Stock option expensing required next year

A new accounting rule decried by many in tech industry must be followed by public companies in the second half of next year.

The independent body charged with setting U.S. accounting standards on Thursday gave hard deadlines for companies to treat stock options as expenses in financial statements.

The new rule, which takes effect in June, promises to have a big impact on technology companies. Tech firms have used stock options as a means to recruit and retain employees. Recognizing stock options as an expense could take a big bite out of earnings.

The Financial Accounting Standards Board issued its "Final Statement" on accounting for share-based payments after considering the matter for two years. "Recognizing the cost of share-based payments in the financial statements improves the relevance, reliability and comparability of that financial information," according to a statement from board member Michael Crooch.

But critics blasted the board for coming up with a rule that is not workable and will harm the country's competitiveness. "The FASB ruling will have economic consequences," Nevada Sen. John Ensign, who serves as chairman of the Senate Republican High Tech Task Force, said in a statement. "It will impede job creation and slow economic growth. Furthermore, our best and brightest minds could move to places such as China, where the government now strongly encourages the use of stock options for business growth."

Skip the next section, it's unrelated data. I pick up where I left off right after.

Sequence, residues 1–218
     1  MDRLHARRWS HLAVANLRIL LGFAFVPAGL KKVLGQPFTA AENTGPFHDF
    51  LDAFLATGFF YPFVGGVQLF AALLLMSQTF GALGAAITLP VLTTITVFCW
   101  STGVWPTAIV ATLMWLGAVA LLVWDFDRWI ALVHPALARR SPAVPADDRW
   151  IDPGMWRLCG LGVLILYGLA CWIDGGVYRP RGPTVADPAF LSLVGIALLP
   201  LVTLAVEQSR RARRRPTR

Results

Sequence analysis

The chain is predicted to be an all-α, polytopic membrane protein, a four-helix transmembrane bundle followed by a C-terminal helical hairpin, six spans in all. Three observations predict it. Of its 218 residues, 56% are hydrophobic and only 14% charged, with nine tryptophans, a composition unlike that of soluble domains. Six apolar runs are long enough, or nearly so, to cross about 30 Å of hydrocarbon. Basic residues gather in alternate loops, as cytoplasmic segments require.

Until now, companies have been able to account for stock options in footnotes to their financial statements. Under the board's new rule, public companies other than those filing as small-business issuers will have to expense stock options after June 15. Public companies that file as small-business issuers will have to expense stock options after Dec. 15 next year.

The new expensing standard will not work, said Rick White, CEO of TechNet and chairman of the International Employee Stock Options Coalition, a group of trade associations and companies that support broad-based employee stock option plans.

The valuation models FASB has now mandated "are so confusing and open to interpretation that they are not even auditable," White said in a statement. "We urge Congress, the SEC and the administration to maintain their vigilance on this issue and take the steps necessary to ensure that financial statements are accurate and reliable, that economic growth and job creation are not impeded, and that broad-based stock option plans are preserved and expanded."

The U.S. House of Representatives in July voted overwhelmingly to largely preserve the old method of accounting for the cost of stock options. But the Senate hasn't followed suit.

At least one senator hopes Congress will let the new rule stand. "The issuance of FASB's new rule marks a victory in the decade-long battle to reform an egregious accounting practice that contributed to the worst corporate accounting scandals in our nation's history," Illinois Sen. Peter Fitzgerald said in a statement Thursday. "In the aftermath of Enron, WorldCom, Global Crossing, Tyco, Adelphia and other corporate scandals, Congress should be trying to ensure that corporate earnings reports are more, not less, reliable."

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